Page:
We use low stress animal handling with all of our animals. Pioneered by Temple Grandin, low stress animal handling techniques use the animal’s nature to accomplish what we need it to do. For example: cattle prefer to turn to the right. So, we oblige them even if it means making 3 right turns! Mitigating the stress on our animals makes handling them easier on us and them, keeps the animals healthy and yields a higher quality product.
Our flock of laying hens enjoy life on the rolling hills surrounding the farm. Raised on our farm from poults and allowed to roam during the eight dry months of the Oregon year, our birds produce a nutritionally rich and flavorful egg favored by local patrons and restaurants. The variety of birds we keep provide our customers with an Easter array of colors, from pale brown to blue-green to deep taffy.
Our Broad Breasted White turkeys have both an abundance of white meat and the cooking characteristics you’re familiar with, while providing that rich, clean flavor imparted by the pasture lifestyle. To lock in a deep summer taste, we dress the birds out August through October and keep them chilled at 26 degrees F.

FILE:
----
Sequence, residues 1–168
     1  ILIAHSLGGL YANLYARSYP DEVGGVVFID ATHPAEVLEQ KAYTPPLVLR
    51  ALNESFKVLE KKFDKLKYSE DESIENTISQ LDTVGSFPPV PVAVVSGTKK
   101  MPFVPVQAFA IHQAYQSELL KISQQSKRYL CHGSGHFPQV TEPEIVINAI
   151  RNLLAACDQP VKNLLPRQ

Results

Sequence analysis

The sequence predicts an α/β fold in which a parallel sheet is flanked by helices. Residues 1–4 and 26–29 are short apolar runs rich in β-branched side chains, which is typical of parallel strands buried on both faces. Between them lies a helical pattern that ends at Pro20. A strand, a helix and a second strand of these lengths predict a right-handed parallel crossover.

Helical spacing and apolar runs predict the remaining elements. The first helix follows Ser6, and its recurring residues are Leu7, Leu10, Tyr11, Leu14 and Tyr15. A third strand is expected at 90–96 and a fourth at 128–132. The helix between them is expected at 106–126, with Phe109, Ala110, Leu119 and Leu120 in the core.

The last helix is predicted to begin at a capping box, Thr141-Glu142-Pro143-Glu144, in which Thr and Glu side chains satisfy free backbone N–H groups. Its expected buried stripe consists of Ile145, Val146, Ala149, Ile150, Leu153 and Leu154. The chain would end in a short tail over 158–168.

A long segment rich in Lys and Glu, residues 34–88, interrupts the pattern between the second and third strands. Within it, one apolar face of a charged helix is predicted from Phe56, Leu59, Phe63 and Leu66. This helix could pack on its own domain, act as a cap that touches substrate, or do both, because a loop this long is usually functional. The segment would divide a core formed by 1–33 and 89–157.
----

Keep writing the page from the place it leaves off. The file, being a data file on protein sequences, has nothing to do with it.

Technically our pigs are not pasture-raised, but forest-raised! Our Berkshires roam and root in our woods, rummaging for nuts, roots, ivy, and blackberries. The farm is truly their natural environment since they are bred, farrowed, and raised as a herd in the woods surrounding our farm.
Our animals all play a role on our farm. Our cows are the first element in our rotational pasture model. They move across the pasture ahead of the poultry, keeping the grass clipped low to provide our birds with the fresh growth they love so well, while absorbing the rich flavor of the pasture themselves for a lean and tender red meat.
History & culture buff? Food fiddler? Or just tired of turkey or ham for your holiday? Try goose! Our pasture-raised Embdens naturally fatten out in the fall and so provide a natural choice for your winter holiday get-together.